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Chesterfield's Charles Williams racking up the points at Howard

Fred Jeter | 12/13/2019, 6 a.m.
Charles Williams is already the top scorer in Howard University hoops history.
Charles Williams

Charles Williams is already the top scorer in Howard University hoops history.

And he’s just loosening up.

Before he’s through, Williams could be the No. 1 scorer in MEAC history as well.

Answering to “CJ” and also “Bean,” the 6-foot-6, 185-pound senior shooting guard hails from tiny Millwood School in the leafy Woodlake subdivision of western Chesterfield County.

From humble roots, Williams was never blinded by the bright lights of NCAADivision I or How- ard’s Washington D.C. campus.

“I felt I had a chance to contribute when I came here,” Wil- liams said in a Free Press phone interview. “But I never expected to be the leading scorer.

“Still, my goals aren’t about scoring the most points. I’m here to be a leader and help us win games, win the MEAC, go to the NCAAs.”

Williams, a health care management major, became Howard University’s all-time scorer Saturday, Nov. 30, with 13 points in the Bison’s loss to Mount St. Mary’s. That enabled him to pass James Daniel III, a guard from Hampton, who starred for the Bison from 2013 to 2017. Daniel now plays professionally in Cyprus.

Williams added 23 points Thursday, Dec. 5, in the Bison’s first win of the season at Hampton University. That lifted his career total to 1,976 points, with at least 22 games left.

If Williams’ current per game average of 17.7 points holds, he will eclipse the MEAC career standard of 2,275 points set by Delaware State University’s Tom Davis between 1987 and 1991.

Williams scored 531 points as a freshman, earning All-MEAC rookie honors. He tallied 673 and 590 points, respectively, as a sophomore and junior, making the All-MEAC team both seasons.

As a junior, he was selected to the Boxtorow All-America team.

His nickname “Bean” is derived from his favorite player, former NBA star Kobe Bean Bryant. Like Bryant, Williams is versatile offensively, capable of scoring from all over.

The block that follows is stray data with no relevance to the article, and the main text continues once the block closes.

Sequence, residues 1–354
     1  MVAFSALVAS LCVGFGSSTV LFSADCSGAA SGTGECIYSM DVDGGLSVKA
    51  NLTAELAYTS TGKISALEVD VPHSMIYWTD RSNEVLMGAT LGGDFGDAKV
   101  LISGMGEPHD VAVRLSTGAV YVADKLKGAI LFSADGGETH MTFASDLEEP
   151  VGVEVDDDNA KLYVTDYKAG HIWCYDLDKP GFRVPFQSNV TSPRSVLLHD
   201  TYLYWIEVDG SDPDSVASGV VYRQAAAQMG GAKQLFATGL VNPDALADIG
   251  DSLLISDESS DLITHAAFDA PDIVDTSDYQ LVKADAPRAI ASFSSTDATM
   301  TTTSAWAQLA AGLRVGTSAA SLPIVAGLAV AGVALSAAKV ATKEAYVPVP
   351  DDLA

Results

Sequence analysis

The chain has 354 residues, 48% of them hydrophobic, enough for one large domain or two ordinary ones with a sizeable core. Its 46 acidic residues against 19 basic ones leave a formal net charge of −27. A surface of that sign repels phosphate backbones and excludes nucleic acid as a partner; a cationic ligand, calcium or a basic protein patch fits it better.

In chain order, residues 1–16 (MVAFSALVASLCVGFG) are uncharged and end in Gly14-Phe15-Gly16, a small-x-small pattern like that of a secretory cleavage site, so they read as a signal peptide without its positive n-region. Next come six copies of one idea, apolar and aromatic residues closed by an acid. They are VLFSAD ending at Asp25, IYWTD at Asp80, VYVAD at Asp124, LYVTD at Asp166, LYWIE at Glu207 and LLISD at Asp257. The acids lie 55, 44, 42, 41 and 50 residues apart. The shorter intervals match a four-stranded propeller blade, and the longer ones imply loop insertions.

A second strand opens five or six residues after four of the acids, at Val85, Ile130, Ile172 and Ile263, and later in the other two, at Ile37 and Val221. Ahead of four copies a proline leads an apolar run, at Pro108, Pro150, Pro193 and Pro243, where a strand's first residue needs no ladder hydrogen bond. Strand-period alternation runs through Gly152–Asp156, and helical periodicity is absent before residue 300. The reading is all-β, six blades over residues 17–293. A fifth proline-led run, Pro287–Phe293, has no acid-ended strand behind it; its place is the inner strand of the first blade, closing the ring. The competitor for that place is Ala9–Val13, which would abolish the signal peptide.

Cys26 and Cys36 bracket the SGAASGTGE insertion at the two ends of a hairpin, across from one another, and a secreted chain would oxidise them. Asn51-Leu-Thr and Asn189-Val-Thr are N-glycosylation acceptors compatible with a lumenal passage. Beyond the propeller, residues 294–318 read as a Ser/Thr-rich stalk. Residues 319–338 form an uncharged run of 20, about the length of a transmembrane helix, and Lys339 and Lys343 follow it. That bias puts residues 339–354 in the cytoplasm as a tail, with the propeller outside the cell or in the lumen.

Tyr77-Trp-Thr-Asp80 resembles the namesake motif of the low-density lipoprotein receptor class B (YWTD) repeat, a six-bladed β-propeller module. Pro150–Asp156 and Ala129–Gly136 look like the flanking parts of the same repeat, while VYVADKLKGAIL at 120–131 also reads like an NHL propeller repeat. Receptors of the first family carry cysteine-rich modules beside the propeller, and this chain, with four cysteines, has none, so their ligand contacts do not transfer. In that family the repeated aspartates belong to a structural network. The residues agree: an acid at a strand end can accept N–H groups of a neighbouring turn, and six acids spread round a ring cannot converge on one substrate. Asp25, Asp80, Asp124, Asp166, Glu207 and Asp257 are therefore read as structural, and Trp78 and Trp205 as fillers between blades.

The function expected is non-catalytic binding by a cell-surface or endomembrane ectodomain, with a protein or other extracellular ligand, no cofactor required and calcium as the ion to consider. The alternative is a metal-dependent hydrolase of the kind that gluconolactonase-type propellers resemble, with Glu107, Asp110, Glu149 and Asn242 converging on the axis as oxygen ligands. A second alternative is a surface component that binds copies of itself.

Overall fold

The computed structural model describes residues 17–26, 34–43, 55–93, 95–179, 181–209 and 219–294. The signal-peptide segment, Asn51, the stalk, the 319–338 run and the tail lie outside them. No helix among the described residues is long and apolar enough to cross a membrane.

The son of Michelle and Charles Williams, a former Virginia State University basketball player, he played under the radar at Millwood. In fact, Williams was part of Millwood’s first varsity team five years ago. There were fewer than 100 students in the upper school at the time.

“We tried to lay the foundation,” said Williams, who previously had attended Evangel Christian School in southern Chesterfield County. He never enrolled at his zoned public school, Thomas Dale High School in Chester.

Mission accomplished at Millwood. In the Knights’ first season, the team won the Virginia Independent Schools Division III crown.

“It was a unique experience,” Williams said. “We got a buzz going around Richmond.”

It was no accident he went from Millwood to Howard University. Williams’ father is a close friend of former Bison Coach Kevin Nickelberry.

Following nine seasons at Howard, Nickelberry resigned after last season and was replaced by Ken Blakeney.

This season’s squad took a major hit when standout R.J. Cole, MEAC Player of the Year in 2019, transferred to the University of Connecticut.

And there was some worry Williams might pass on his senior year to try his luck with the NBA draft. He went so far as to “declare” for the draft, but backed out before losing college eligibility.

“In the back of my mind, I knew I was coming back” to Howard, he said.

Bison faithful breathed a sigh of relief. Williams was second in MEAC scoring as a junior, behind only teammate Cole.

Only one Bison alumnus, Larry Spriggs,who was at Howard 1978 to 1981, has spent any appreciable time in the NBA.

“I definitely have plans after college — if not the NBA, the G-League or overseas,” Williams said.

It hasn’t been a smooth ride in Coach Blakeney’s first season.

The road-weary Bison started 0-9 before the win at Hampton. Only two of the team’s first 10 games were at Howard’s Burr Gym.

“I haven’t lost the faith,” Williams said.

Meanwhile, Bison opponents are still searching to find the “off” switch on Howard’s all-time point machine.

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